Welcome to the Wednesday, Nov. 18, Brew. Here’s what’s in store for you as you start your day:
- Republicans to gain at least 30 state legislative seats in districts that intersect with Pivot Counties
- Alaska voters approve ranked-choice voting measure
- Rep. Cedric Richmond named member of Biden’s senior staff, will resign from Congress
Republicans to gain at least 30 state legislative seats in districts that intersect with Pivot Counties
Today we look at legislative races in the nation’s 206 Pivot Counties. Pivot Counties are the 206 counties that Ballotpedia identified as voting for Barack Obama (D) in 2008 and 2012 and Donald Trump (R) in 2016. There are 705 legislative districts—in whole or in part—in these counties.
Republicans will have at least 30 more state legislators representing these districts, and Democrats will have at least 22 fewer.
Because some of the districts are multi-member districts, there are 800 legislators in the 705 districts. As of Nov. 16, Republicans will control 473 seats, a gain of at least 30 relative to immediately after the 2018 elections and Democrats stand to control 266. Final control of 58 seats remains too close to call, and three seats will be held by third party or independent legislators. Even if Democrats win all 58 uncalled races, they would still lose a net 22 seats relative to their post-2018 totals. After the 2018 election, Republicans held 443 of these seats to Democrats’ 346.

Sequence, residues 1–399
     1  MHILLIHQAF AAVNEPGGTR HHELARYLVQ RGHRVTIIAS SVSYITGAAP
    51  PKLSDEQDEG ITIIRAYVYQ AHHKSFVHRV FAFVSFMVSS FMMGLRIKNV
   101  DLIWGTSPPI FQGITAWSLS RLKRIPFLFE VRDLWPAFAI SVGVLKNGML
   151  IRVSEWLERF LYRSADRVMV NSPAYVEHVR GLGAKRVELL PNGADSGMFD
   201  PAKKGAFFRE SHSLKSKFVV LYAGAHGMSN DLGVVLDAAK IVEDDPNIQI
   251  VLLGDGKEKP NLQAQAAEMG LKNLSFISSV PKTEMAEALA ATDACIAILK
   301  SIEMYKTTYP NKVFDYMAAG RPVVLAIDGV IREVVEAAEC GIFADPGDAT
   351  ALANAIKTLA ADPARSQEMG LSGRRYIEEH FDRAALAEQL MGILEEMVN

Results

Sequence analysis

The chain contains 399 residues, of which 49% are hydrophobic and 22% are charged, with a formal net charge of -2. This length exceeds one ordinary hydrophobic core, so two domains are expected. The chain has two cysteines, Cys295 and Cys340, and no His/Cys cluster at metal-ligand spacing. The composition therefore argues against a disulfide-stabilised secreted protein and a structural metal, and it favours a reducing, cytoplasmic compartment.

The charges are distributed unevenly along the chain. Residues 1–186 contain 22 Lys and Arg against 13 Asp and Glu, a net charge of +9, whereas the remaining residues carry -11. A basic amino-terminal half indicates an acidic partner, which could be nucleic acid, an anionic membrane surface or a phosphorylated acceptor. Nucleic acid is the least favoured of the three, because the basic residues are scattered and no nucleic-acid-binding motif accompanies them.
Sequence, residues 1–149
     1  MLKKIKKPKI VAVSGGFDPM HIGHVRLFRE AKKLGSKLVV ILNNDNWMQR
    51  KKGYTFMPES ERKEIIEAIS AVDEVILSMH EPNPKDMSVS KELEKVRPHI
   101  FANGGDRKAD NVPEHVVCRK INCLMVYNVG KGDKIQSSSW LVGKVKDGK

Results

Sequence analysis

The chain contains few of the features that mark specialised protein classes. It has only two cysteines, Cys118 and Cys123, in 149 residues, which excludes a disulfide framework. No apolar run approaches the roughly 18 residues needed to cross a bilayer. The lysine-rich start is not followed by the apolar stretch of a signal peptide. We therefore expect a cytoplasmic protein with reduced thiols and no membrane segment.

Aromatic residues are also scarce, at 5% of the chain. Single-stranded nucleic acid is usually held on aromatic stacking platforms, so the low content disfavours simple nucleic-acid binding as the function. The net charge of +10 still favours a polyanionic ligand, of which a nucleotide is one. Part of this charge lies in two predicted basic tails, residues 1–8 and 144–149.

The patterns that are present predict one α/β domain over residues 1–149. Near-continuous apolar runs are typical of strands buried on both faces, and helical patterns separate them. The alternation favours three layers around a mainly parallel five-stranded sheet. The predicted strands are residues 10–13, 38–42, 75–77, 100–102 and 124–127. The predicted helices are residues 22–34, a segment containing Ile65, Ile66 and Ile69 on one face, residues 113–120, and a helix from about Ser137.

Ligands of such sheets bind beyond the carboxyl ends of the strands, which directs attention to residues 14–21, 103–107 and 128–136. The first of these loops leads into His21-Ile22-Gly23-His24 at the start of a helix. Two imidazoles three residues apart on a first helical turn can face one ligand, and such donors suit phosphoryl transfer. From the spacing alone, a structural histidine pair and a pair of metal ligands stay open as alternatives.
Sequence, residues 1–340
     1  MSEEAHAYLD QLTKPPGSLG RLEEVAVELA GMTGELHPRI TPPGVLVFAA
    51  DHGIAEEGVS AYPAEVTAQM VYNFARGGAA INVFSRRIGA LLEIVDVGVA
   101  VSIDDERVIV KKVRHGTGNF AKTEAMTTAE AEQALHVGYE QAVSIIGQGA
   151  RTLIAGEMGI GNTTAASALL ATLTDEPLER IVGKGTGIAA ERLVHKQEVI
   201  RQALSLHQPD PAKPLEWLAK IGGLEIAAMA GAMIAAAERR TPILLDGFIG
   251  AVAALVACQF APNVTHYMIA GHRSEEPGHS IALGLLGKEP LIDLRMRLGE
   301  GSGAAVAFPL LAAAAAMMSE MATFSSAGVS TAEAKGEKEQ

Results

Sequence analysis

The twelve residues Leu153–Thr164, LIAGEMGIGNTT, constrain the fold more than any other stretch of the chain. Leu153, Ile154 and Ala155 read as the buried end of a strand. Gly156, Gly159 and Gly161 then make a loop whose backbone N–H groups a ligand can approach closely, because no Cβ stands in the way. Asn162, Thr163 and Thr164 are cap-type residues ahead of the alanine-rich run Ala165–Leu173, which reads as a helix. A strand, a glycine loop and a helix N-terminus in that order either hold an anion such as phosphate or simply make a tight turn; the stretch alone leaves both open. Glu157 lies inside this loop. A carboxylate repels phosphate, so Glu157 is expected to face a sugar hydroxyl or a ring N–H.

The table and chart below show the partisan control of all state legislative seats intersecting with Pivot Counties through Nov. 16.
The 800 state legislators who represent districts containing all or part of a Pivot County include 231 state senators (11.9% of all state senators) and 569 state representatives (10.5% of all state representatives). The number of these state legislators increased from 2016 to 2020 due to mid-cycle redistricting in North Carolina.
Alaska voters approve ranked-choice voting measure
Yesterday, Ballotpedia called Alaska Ballot Measure 2, with election results at that time showing the measure passing 50.5% to 49.5%.
Ballot Measure 2 makes several changes to Alaska’s election policies, including:
- replacing partisan primaries with open top-four primaries for state executive, state legislative, and congressional offices,
- establishing ranked-choice voting for general elections, including the presidential election, and
- requiring persons and entities who contribute more than $2,000 that was derived from donations, contributions, dues, or gifts to disclose the sources of the contributions.
Alaska will become the first state to adopt top-four primaries for state executive, state legislative, and congressional offices. Like the top-two systems in California and Washington, all candidates will run in a single primary election, regardless of a candidate’s party affiliation. The four candidates receiving the most votes will advance to the general election.